According to the Illinois State Police, more than 100,000 elderly persons are housed in long-term care facilities in Illinois. This number is only expected to grow in the coming years as Americans continue to live longer than they did in the past. Recent research conducted by a variety of academic organizations suggests that more than 12,000 of those patients will be neglected or abused each year. In order to best protect your loved ones, it is important for you to visit regularly and look for any indications that something may be wrong. Pay close attention to see if your loved one shows signs of:

  • Fear of the nursing home staff. Your loved one may also express concern about being left alone with caregivers;
  • Dehydration or malnutrition not related to terminal illness or end-stage disease;
  • Lack of personal cleanliness, especially if hygiene has been important to your loved one before;
  • Dirty or torn clothing or bedding;
  • Lack of dental care;
  • Fatigue, listlessness, and other indications of depression; or
  • Symptoms of missed medication or excessive use of medication.

In addition to the above signs, any sickness or injury that cannot be easily explained should also be reported. Approximately 30 percent of all nursing facilities nationwide have been cited for instances of abuse, but many more are believed to go unreported. In addition, financial abuse is often common. Check each bill carefully to be sure your loved one is not being billed for services that have not been rendered, or that he or she is not being billed for several services that should be combined into a single billing.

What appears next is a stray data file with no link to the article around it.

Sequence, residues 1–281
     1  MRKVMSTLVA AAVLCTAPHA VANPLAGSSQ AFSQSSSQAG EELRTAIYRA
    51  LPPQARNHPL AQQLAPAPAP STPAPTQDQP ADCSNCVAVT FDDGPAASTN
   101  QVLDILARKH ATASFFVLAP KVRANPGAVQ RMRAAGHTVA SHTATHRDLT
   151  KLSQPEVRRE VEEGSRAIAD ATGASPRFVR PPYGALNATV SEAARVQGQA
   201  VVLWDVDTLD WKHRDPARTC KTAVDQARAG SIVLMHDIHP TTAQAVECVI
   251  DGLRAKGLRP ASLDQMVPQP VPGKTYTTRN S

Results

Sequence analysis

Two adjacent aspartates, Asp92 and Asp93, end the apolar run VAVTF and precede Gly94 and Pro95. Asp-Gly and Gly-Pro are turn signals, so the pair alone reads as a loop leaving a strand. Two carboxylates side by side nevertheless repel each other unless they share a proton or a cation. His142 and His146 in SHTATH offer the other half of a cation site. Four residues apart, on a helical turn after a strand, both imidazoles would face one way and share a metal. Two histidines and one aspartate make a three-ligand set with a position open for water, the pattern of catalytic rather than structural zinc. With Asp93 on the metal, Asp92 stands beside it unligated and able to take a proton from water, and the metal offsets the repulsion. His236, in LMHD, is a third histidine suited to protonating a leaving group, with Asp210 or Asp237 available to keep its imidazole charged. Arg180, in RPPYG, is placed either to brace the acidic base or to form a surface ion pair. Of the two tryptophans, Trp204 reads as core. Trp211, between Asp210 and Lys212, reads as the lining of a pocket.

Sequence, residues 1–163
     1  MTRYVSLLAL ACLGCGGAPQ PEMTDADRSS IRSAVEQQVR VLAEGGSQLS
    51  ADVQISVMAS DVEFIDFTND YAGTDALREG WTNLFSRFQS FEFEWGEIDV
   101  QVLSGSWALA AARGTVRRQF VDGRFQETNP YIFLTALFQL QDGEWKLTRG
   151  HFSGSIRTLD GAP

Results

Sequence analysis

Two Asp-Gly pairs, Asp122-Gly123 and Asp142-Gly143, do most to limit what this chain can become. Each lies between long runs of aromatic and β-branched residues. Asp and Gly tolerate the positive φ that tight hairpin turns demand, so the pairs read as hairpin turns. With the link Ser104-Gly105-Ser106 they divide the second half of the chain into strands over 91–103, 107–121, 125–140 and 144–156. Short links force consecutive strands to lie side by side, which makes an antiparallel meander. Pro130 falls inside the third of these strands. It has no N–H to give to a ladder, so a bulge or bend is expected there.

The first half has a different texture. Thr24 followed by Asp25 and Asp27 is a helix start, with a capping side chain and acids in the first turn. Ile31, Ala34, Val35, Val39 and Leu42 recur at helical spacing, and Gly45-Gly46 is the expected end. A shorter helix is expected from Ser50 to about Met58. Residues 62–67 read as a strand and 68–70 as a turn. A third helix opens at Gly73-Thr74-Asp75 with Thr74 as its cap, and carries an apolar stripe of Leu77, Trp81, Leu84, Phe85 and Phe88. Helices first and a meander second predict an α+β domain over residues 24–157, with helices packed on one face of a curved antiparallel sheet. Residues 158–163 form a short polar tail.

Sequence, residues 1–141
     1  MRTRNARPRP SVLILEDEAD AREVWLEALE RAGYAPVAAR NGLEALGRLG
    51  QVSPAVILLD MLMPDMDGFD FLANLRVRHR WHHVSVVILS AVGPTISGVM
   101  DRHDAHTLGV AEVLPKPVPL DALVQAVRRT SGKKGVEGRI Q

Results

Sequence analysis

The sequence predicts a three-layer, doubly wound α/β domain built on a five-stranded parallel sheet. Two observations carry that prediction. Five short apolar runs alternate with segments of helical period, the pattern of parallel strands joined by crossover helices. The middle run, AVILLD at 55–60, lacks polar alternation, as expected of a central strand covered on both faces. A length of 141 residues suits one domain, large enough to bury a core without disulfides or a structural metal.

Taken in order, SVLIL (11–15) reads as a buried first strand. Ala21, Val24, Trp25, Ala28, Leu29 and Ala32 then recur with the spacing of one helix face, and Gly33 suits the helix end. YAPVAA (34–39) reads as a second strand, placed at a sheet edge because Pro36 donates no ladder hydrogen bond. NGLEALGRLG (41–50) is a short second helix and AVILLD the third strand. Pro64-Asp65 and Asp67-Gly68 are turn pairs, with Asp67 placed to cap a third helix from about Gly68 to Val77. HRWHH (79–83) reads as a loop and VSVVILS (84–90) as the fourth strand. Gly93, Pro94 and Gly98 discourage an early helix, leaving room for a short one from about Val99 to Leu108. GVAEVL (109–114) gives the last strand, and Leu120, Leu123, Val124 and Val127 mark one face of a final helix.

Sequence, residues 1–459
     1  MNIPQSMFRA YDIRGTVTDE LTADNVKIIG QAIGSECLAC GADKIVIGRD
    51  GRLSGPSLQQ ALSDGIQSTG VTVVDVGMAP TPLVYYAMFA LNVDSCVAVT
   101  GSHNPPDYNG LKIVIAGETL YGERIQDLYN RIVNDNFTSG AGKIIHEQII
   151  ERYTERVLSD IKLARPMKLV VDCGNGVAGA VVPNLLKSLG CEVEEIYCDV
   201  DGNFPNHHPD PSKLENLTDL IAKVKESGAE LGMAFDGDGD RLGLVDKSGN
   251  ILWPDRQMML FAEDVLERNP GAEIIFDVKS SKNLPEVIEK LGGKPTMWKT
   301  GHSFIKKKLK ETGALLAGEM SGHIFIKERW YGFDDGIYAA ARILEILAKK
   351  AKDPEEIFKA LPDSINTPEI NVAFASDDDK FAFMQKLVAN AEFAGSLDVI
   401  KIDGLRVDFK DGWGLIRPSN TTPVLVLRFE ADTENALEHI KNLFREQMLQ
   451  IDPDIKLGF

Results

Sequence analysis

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Illinois nursing home neglect lawyerNursing home abuse and neglect can sometimes occur not because of what caretakers do, but because of what they fail to do. Whether it is due to being an understaffed facility, inadequate staff training, or lack of oversight, nursing home negligence is sadly common. There are certain standards of care which nursing home staff must meet to ensure the safety of their residents. Unfortunately, when these standards are not met, the result can be devastating to residents as well as their families.

Elderly Woman Denied Essential Medication

A Bartlett, IL  nursing home may be forced to pay millions to a family of a former resident. In February of 2011, the 89-year-old resident was admitted to the facility after suffering a hip fracture. She was meant to stay in the nursing home while undergoing physical therapy to help her recover from her injury. As part of her treatment, the elderly woman was prescribed a medication called Coumadin which thins the blood and can help prevent clotting and strokes. Unfortunately, the woman did not receive this medication on a timely and consistent schedule. Records show that the woman did not receive her stroke-preventing medication for a period of two weeks.